A new study of ultrasound departments shows that continuous personnel changes are a major cause of the now serious shortage of ultrasound staff in the NHS. This shortage has led to delays in diagnosis and cancellations of operations. The work is presented at the UK Imaging and Oncology Congress in Liverpool.
We have actually asked ultrasound departments what is leading to the bottleneck, and answer is clear: lack of stability within the departments means that expertise is lost and training can't take place. Couple this with a general shortage of money, fewer people entering the discipline, and pressure to meet targets with declining workforce means that many NHS ultrasound departments are stretched very close to breaking point."
Lead researcher, Associate Professor Paul Miller (University of Cumbria)
Ultrasound is routinely used within the NHS for a variety of imaging tests, such as during pregnancy and for cancer screening. The demand for ultrasound has risen from around 4m per year in 1996 to around 10m per year currently, but there is a serious shortage of UK ultrasound staff (sonographers). A 2014 survey from the Society of Radiographers said that 18.1% of sonography vacancies were unfilled, and the Government's Migration Advisory Committee lists sonography on the Shortage Occupation List.
Researchers carried out semi-structured telephone interviews with 20 ultrasound department Heads in the North of England (18 NHS, 2 private) to try to understand what were the main factors contributing to the problems within ultrasound departments.
Paul Miller said:
Until now, people have largely worked on the basis that 'Understaffing is understaffing', and that filling vacant positions would solve any problems. What we have found is that, aside from ultrasound positions not being filled, there are structural problems which simply introducing new personnel won't overcome. For example, as workloads increase there is greater pressure for senior personnel to take early retirement.
New people come in and do well and then they move on: they move because they can find better positions, which means that some departments do well but most have problems. This means that these departments have to buy in temporary sonographers, which is expensive but which also chips away at the sense that you can build working relationships and personal friendships within the department. What this means is that there is little room for training, mentoring or for developing the culture of trust which you need in such things as cancer imaging. The discipline has just become less attractive".
The interviews revealed comments such as.
- "Some of the staff are now a little bit wary of training people with [working] stipulations that are unrealistic in a modern NHS. They would have been fine ten years ago, maybe, when the requirements on services weren't the same."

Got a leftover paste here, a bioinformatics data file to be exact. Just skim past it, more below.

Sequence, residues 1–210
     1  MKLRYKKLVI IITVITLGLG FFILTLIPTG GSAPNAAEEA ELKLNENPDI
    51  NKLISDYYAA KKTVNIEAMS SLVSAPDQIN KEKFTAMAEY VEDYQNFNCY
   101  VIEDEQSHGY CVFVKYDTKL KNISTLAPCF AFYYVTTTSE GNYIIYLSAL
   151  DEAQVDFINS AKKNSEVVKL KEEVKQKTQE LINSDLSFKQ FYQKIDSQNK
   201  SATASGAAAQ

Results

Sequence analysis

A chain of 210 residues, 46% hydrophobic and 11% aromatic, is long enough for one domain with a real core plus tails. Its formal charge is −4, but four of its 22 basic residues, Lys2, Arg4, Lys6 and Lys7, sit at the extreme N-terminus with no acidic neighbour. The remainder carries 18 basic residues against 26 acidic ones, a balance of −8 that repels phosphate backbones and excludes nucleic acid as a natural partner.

- And talking of staff insecurity "Well, the whole thing, it's disruptive to all the staff, they don't feel secure in their positions."
The team found that the general shortage of radiographers (with 1 in 11 posts unfilled) had a significant impact on sonography recruitment.
Traditionally sonographers first train as general radiographers, but shortages in that pool means there are fewer qualified radiographers to move into sonography. We also found that working with ultrasound was seen as less 'sexy' than more hi-tech techniques such as MRI, and there is a lack of career structure which inhibits younger people wanting to train as sonographers. Larger urban hospitals manage to avoid recruitment problems, but medium to small hospitals suffer.
Understanding the human aspects of understaffing for the staff can help underpin more tailored interventions; it's not enough to simply assert that we globally "need more sonographers" - even though that's clearly true. Shortage causes anxiety in itself, but rapid staffing turnover causes more".
Dr Paul Miller
Commenting, Nigel Thomson of the Society and College of Radiographers said:
There are several factors contributing to this shortage, this work is a valuable contribution to our understanding of the problem. We are working with Health Education England and other stakeholders in a major project to address the sonographer shortage. These will include new educational pathways including entry at degree level and a full career framework from practitioner through to consultant. We are also asking the Department of Health and Social Care for the title 'sonographer' to become legally protected and for sonographers to be statutorily regulated".
Mr Thomson was not involved in this work, this is an independent comment.